SINGAPORE - When the pandemic hit last year, counsellor Sharlene Teo, 37, who has a two-year-old son, found herself struggling to balance her motherhood duties with work commitments.
Her work at the community mental health department at Fei Yue Community Services became more stressful, as clients needed more frequent sessions.
She said: "The pandemic was not easy for me as well. I'm just the same as my clients, or any other human being going through this."
She took frequent self-care breaks, when she would listen to relaxing music, read a book, or take a walk in the park.
Mental health professionals here said they have had to attend to more cases over the past year. More clients were dealing with depression, anxiety and suicidal thoughts amid the pandemic.
Mr Sam Roberts, centre director of Olive Branch Psychology and Counselling Services, said the organisation saw a spike in July last year, with cases increasing progressively till now.
The Singapore Counselling Centre also saw a 40 per cent increase in the number of clients from 2019 to 2020, said its chief well-being officer, Mr John Shepherd Lim.
Associate Professor John Wong, a senior consultant psychiatrist at the National University Hospital, said that stressors such as the derailment of school, work and social routines and financial woes, created a sense of hopelessness.
Prof Wong added: "These, when placed on an vulnerable individual already under strain, could tip one over to become suicidal."
Dr Jared Ng, a consultant at the Institute of Mental Health, said while suicidal acts are often impulsive, and crises leading to suicidal tendencies are often fleeting, what is most important is support from family and friends.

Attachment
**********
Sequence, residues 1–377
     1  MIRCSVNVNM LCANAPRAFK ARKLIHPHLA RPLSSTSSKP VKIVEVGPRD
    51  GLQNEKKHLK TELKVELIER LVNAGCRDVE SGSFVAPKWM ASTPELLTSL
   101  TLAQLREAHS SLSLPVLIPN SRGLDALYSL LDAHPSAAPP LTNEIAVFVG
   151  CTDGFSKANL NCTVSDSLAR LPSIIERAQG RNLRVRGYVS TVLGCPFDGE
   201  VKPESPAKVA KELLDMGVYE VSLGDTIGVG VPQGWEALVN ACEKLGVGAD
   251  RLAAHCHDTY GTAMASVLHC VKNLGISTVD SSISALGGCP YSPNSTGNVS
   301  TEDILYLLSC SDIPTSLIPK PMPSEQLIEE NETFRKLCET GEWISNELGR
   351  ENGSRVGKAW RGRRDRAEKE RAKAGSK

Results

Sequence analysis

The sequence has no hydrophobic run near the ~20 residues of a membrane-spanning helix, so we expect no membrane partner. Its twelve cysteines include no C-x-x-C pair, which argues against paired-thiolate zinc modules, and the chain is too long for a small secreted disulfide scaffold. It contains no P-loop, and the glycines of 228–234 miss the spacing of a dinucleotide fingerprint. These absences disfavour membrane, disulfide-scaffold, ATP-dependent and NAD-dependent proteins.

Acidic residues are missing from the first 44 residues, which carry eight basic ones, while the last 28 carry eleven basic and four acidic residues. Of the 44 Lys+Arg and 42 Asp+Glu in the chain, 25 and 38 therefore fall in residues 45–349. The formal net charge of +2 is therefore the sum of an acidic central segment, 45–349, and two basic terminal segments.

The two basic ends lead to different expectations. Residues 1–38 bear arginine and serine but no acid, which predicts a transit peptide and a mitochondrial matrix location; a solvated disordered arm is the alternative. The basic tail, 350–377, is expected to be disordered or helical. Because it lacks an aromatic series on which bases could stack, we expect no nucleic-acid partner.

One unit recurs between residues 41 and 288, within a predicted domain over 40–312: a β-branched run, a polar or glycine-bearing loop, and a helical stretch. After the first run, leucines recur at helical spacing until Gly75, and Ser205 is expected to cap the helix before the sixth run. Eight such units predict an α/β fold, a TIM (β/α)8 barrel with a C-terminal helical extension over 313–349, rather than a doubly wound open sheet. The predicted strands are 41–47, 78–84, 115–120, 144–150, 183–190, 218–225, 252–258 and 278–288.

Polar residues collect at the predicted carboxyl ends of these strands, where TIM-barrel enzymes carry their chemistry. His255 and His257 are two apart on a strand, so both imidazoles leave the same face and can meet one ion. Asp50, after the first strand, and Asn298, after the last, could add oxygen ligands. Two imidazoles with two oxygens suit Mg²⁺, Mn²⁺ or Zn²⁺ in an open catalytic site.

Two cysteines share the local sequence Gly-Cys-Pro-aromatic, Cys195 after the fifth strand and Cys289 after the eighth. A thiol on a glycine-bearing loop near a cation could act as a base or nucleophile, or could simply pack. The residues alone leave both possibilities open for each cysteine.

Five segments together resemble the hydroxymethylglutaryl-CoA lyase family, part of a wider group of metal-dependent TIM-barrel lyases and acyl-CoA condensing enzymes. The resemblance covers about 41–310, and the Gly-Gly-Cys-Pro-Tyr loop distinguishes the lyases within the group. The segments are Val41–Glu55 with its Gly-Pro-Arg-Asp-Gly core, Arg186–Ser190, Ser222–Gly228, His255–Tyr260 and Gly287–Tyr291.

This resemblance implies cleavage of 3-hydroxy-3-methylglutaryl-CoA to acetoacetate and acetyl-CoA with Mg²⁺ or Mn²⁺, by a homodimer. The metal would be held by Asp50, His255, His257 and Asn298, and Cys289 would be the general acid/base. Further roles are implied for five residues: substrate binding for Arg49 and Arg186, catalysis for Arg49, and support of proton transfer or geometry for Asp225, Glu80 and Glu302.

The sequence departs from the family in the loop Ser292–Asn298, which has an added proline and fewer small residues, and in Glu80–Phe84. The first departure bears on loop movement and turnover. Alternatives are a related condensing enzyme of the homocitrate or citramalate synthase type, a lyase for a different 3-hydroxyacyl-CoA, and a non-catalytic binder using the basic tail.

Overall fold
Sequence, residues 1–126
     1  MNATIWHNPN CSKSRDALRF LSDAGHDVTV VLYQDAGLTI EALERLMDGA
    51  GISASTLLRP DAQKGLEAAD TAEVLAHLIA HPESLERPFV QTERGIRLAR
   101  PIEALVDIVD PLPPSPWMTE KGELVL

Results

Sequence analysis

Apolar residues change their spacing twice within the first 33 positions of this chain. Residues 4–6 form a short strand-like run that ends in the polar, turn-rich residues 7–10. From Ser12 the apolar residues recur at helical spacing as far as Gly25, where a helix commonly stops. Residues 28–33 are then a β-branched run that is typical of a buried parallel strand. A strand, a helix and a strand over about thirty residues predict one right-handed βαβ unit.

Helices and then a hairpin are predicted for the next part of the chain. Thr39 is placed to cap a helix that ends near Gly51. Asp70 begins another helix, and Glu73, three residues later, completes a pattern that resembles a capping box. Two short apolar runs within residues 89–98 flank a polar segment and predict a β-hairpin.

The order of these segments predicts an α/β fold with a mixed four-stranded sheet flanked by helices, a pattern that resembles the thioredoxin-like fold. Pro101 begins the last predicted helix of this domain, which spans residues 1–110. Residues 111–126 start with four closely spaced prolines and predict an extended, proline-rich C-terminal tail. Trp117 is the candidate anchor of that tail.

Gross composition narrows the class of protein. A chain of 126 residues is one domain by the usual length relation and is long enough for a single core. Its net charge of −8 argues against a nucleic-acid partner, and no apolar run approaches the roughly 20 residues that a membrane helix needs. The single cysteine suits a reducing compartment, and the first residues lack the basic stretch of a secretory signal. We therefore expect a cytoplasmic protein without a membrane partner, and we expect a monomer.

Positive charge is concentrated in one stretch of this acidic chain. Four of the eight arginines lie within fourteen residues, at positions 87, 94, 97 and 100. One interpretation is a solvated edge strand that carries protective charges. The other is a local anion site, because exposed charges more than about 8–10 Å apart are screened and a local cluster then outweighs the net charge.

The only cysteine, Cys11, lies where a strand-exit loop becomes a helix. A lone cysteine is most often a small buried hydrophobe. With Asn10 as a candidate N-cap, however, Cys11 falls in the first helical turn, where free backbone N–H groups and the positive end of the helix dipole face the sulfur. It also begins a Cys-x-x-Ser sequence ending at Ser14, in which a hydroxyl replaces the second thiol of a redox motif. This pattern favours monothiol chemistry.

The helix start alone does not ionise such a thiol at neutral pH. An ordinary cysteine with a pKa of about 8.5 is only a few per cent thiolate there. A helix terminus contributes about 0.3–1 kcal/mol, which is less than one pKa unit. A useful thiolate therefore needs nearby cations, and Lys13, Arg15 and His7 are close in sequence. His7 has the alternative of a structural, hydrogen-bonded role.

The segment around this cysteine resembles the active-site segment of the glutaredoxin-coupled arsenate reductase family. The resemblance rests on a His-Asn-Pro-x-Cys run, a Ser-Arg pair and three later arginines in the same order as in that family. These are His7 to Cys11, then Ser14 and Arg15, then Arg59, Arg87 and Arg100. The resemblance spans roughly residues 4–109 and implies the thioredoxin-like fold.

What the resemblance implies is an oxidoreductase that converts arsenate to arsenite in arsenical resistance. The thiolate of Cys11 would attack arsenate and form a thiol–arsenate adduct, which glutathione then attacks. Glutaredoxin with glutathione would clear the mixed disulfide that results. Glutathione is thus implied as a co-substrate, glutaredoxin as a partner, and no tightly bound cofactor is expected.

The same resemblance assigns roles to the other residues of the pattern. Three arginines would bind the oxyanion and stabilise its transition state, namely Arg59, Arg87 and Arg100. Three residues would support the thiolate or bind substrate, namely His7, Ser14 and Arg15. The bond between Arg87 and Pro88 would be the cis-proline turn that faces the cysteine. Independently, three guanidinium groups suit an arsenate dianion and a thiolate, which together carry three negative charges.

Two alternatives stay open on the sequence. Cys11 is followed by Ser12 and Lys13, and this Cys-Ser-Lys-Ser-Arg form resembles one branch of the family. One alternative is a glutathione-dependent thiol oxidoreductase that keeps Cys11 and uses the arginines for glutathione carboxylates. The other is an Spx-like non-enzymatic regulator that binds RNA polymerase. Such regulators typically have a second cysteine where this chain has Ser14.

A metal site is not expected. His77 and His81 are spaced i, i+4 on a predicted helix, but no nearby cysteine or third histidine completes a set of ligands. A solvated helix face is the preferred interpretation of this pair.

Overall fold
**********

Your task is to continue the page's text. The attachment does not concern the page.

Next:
Mr Joseph Rajagopal, senior counsellor at Singapore Counselling Centre, said: "We need to be more receptive to receiving help and seeking help for our loved ones, instead of being hindered by the belief that we are going to be labelled as mental patients."
Mr Joseph said that as the first line of support for suicidal people, family members must go the extra mile and talk to them about their struggles.
Ms Teo said people should be careful not to minimise the experiences of those vulnerable to suicide.
She said: "Even if you cannot walk that journey for them, you can walk alongside them."
She added that suicide was not a problem unique to any age group.
The elderly who live alone, caregivers who had to care for young children, and students who were troubled by conflict at home were all vulnerable, said Ms Teo.
Mr Jim Bek, 58, a counsellor working with youth, once saw someone jumping off a building and that motivated him to work harder for his clients.
He said: "Suicide knows no boundary of age, ethnicity, belief, or timeline. I don't want them to become another statistic on the chart."
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